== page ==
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Frequently asked questions about divorce in Georgia

On Behalf of | Jan 8, 2020 | divorce and family law |

For couples in Georgia, divorce is often arrived at after much marital strife. As a result, the process is usually fraught with tension, even if both parties are largely in agreement about major issues. The more information you have going into a divorce, the less stressful the process will be. Here is some basic information to help you navigate your divorce with as little fallout as possible.

How are divorces initiated?

Divorce petitions are filed in the Superior Court of whatever county your spouse lives in. Petitions should include:

  • You and your spouse’s current living situation
  • Information on debt and assets
  • Current custody arrangements for any children you share
  • Specific reasons why you are filing for divorce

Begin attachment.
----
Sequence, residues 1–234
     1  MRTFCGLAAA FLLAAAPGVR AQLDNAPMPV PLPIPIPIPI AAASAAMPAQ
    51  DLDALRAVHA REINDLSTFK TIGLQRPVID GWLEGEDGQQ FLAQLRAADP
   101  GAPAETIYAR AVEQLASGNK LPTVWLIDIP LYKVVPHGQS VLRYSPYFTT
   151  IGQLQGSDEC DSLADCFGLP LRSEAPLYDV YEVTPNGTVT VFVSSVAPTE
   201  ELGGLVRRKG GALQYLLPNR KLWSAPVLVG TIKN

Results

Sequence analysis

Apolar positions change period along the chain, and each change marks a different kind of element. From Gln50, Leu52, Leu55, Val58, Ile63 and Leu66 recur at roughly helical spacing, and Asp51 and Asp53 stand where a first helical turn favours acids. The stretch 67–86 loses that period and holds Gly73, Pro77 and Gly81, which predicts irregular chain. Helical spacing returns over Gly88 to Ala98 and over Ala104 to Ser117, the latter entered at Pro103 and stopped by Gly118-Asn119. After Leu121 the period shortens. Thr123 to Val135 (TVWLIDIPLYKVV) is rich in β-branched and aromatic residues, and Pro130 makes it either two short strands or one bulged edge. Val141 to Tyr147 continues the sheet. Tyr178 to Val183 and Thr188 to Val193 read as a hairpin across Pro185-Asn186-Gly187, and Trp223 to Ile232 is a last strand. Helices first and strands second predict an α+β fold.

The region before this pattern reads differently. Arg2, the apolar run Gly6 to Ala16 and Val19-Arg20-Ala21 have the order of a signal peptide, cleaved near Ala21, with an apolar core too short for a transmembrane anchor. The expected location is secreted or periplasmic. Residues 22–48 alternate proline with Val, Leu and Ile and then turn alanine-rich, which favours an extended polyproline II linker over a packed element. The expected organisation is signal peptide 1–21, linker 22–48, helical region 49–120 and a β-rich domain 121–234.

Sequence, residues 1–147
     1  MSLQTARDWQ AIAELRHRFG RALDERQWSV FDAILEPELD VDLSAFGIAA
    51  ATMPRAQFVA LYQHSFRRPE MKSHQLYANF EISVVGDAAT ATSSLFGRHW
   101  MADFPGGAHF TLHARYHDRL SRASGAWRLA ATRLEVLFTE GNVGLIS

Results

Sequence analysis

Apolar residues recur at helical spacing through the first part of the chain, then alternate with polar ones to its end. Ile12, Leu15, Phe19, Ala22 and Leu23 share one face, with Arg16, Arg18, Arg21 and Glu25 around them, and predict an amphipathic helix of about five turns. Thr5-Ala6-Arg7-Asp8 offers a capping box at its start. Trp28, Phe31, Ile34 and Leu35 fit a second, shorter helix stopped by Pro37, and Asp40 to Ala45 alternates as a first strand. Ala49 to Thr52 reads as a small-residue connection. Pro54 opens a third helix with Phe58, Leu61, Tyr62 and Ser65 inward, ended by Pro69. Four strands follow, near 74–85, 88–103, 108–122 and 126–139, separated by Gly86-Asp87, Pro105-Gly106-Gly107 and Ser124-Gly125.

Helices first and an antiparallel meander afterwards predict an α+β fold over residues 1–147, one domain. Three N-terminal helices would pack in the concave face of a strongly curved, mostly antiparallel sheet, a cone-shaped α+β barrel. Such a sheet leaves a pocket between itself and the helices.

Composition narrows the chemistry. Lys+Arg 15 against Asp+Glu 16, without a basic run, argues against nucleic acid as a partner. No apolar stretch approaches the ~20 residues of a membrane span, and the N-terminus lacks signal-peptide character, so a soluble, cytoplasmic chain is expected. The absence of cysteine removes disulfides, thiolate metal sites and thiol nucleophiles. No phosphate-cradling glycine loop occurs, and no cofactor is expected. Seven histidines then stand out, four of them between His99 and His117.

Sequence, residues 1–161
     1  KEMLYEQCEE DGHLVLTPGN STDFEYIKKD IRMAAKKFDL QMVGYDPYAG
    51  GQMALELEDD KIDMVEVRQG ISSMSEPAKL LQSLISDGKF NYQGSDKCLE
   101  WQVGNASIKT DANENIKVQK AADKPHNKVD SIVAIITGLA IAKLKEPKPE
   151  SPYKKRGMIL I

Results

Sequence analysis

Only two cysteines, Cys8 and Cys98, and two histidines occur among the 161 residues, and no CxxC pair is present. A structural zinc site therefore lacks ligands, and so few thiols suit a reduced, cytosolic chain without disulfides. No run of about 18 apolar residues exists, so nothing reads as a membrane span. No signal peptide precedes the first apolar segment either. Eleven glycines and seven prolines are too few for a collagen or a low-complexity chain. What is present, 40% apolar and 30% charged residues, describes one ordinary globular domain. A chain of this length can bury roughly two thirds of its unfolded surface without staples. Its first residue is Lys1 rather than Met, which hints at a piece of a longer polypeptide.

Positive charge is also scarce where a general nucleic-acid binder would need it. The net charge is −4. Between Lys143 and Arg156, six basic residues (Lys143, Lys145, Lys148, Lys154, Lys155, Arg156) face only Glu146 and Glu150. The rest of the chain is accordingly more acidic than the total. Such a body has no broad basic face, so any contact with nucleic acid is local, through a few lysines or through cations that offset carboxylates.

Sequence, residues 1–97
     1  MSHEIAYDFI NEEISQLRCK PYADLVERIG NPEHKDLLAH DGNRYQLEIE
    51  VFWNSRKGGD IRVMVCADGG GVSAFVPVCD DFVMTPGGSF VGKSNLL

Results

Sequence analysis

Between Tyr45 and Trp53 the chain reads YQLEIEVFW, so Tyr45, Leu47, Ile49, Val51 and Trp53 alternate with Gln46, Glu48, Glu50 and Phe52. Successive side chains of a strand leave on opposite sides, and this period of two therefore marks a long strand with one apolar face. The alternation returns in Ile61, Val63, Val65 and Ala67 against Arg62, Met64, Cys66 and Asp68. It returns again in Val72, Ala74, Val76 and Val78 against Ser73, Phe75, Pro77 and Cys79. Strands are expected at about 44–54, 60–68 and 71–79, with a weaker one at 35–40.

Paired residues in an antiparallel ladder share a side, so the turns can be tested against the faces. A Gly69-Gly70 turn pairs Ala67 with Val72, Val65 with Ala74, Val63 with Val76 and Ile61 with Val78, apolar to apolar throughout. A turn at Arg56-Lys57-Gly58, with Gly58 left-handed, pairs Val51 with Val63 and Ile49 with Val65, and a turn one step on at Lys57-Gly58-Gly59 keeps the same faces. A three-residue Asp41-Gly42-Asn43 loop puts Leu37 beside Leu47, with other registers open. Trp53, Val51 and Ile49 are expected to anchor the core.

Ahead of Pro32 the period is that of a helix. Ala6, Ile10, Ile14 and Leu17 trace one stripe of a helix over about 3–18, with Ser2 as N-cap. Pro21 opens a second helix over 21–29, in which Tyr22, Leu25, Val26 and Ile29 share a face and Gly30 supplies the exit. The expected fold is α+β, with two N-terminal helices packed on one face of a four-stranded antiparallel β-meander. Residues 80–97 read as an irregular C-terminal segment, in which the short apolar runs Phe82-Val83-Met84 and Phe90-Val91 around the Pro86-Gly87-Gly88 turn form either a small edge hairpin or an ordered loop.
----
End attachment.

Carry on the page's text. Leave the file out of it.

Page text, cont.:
Do not worry about providing too much detail at this point, just touch on the major factors involving your divorce.

How is child custody decided?

Legal custody involves which person has the authority to make major decisions on behalf of the child, while physical custody is where the child actually lives. Both legal and physical custody can be shared, and in most cases, the courts prefer they are. All decisions are made in the best interest of the child, and barring abuse or neglect it is believed that both parents should play an equal role. Couples are encouraged to come to their own agreement on custody issues.

How long do divorces usually take?

This depends on the situation. When both parties are in agreement, a divorce may take a little over a month to complete. When the situation is complex, divorce can take several months before it is finalized. When there are numerous complications, divorce can even take a number of years.

Can I divorce without the assistance of an attorney?

While you are permitted to divorce on your own in Georgia, having a lawyer’s assistance is encouraged. Even if your situation is not complicated, an attorney will help you submit all the necessary paperwork to keep you on track. And when divorce is contentious, an attorney will be there to advocate for your best interests.